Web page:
It is appreciated that the circuit components illustrated in block form are known devices and many different specific implementations of those devices are available. The specific details of each component may thus vary. And some will require adjustment of component values to ensure that the component satisfies the described requirements in the combination as described. Although perhaps not necessary to an understanding of the invention, but by way of illustration and example, more specific illustration of the principal components are presented in the illustrations of FIGS. 4 through 7.
A more detailed schematic a preferred form of complementary high pass filter 1 is illustrated in FIG. 4. Those skilled in the art recognize the configuration as that of a passive delay line, which here serves as a filter. The circuit includes two operational amplifiers 48 and 49, suitably type CLC111AJE amplifiers, delay line 51, which provides a one-hundred nanosecond delay, and a resistor R6, suitably one-hundred ohms in value, attached to one arm of the delay line.
In operation, with a rectangular input pulse, Vin, applied to the input of operational amplifier 48, and from the amplifier's output is applied to the delay line input, where it propagates to the input of the output amplifier 49. At the output a pair of more narrow rectangular pulses, identical in width or duration, is produced, such as illustrated in the figure, one of which, a, is positive in polarity and the second, b, negative in polarity. The leading edge of pulse "a" is essentially coincident in with the positive going leading edge of the Vin pulse, and the leading edge of pulse "b" is essentially coincident with the trailing edge of the Vin pulse.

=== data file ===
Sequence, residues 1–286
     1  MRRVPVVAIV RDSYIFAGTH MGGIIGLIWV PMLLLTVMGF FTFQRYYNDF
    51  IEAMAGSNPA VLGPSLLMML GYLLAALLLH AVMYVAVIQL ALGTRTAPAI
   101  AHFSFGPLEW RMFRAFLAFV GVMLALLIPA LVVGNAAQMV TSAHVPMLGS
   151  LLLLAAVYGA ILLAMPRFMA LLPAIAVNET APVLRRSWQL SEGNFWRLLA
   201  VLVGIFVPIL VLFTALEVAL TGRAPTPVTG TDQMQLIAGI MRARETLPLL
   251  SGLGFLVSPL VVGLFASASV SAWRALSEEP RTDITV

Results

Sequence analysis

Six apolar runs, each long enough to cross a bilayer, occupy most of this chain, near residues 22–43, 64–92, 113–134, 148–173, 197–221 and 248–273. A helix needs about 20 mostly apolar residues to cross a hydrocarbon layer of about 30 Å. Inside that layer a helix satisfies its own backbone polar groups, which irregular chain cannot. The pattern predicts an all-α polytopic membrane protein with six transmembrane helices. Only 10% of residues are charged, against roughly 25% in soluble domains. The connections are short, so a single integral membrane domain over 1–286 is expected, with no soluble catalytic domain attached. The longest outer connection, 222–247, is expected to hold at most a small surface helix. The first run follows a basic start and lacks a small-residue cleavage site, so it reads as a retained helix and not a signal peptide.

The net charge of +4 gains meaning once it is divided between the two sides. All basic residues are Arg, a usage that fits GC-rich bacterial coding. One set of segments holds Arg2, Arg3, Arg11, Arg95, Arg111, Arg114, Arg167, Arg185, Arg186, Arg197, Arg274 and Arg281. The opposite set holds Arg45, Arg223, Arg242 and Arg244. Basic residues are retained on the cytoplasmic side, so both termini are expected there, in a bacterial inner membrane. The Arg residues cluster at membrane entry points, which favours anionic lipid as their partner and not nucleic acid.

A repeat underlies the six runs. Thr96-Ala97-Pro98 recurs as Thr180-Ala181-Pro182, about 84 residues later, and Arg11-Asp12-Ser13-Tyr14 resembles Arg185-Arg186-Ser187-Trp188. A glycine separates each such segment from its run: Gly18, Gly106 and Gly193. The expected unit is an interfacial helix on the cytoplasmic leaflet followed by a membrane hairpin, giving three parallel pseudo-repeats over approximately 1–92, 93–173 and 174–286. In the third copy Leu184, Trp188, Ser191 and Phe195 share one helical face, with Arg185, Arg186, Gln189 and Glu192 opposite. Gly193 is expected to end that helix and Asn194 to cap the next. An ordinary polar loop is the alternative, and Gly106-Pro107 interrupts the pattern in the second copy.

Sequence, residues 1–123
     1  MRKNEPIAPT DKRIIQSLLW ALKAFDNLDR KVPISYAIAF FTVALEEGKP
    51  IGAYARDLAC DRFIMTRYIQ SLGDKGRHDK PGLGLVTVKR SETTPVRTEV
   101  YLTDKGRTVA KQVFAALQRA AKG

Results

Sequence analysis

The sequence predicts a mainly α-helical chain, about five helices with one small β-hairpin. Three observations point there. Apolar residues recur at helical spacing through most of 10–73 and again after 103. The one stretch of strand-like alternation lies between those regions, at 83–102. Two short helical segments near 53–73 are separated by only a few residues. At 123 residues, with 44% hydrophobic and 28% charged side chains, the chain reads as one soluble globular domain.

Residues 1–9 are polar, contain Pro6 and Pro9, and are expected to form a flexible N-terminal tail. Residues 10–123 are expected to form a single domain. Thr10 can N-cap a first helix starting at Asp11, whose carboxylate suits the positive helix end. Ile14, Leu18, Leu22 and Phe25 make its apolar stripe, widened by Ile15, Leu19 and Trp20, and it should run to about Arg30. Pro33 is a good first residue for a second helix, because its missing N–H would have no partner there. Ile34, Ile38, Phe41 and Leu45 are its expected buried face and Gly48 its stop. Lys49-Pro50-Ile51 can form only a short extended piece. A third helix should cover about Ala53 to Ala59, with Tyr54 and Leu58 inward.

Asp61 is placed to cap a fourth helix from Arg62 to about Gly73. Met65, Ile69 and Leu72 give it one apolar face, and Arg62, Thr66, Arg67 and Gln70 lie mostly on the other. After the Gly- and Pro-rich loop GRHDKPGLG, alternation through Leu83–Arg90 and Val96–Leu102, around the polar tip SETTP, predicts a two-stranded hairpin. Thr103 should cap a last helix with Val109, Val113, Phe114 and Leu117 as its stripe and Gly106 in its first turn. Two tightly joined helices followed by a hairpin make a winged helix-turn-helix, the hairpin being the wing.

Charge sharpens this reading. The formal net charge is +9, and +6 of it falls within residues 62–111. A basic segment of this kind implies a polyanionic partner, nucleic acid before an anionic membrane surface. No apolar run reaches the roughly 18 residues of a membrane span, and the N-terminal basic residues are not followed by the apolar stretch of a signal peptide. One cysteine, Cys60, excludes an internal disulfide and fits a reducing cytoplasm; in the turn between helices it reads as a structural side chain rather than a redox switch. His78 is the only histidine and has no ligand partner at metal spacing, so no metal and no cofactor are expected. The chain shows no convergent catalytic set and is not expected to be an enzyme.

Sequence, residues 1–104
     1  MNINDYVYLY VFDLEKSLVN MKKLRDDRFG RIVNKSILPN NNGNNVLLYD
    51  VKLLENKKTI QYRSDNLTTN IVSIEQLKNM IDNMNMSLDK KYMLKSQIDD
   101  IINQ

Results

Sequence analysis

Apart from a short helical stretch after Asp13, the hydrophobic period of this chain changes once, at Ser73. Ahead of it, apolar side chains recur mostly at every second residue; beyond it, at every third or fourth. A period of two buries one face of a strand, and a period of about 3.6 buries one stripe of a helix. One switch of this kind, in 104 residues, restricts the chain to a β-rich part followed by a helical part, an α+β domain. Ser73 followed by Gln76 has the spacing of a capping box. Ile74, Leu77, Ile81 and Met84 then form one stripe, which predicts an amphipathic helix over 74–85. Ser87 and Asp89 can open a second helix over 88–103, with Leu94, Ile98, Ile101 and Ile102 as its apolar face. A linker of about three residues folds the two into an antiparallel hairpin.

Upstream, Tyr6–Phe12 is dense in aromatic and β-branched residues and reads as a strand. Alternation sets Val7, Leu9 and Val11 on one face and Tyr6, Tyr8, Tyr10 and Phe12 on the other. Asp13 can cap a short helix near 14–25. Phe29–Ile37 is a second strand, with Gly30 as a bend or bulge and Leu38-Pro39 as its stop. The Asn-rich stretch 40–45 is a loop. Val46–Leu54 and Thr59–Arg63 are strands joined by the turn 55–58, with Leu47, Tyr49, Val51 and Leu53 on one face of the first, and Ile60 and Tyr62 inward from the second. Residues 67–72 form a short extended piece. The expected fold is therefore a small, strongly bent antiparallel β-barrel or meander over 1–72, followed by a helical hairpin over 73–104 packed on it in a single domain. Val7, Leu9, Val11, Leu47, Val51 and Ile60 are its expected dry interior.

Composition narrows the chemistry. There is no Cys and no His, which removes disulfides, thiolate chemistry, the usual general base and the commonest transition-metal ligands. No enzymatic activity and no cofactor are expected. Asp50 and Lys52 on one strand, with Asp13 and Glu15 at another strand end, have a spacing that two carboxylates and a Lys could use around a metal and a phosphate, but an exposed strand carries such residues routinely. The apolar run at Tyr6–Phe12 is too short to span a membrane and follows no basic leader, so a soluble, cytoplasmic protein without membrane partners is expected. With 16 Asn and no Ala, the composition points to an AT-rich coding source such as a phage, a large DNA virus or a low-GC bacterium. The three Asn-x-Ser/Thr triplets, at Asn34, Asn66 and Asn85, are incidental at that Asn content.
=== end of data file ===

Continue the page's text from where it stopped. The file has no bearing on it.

The bandwidth of complementary high pass filter 1 should be large enough so that it does not impose a bandwidth limitation on the signal channel. Limiting bandwidth is a function is intended for the low pass filter 3 in FIG. 2. It may be noted that, except for low pass filter 3, all of the components in the invention are preferably of a very wide band width characteristic. Therefore the bandwidth of the channel through which the input pulses propagate is effectively controlled by the bandwidth of the low pass filter. Preferably the bandwidth of the complementary high pass filter 1 should be made twice as great as one would normally use in a circuit. As example, it should have a delay to rise time ratio of 13 to 1.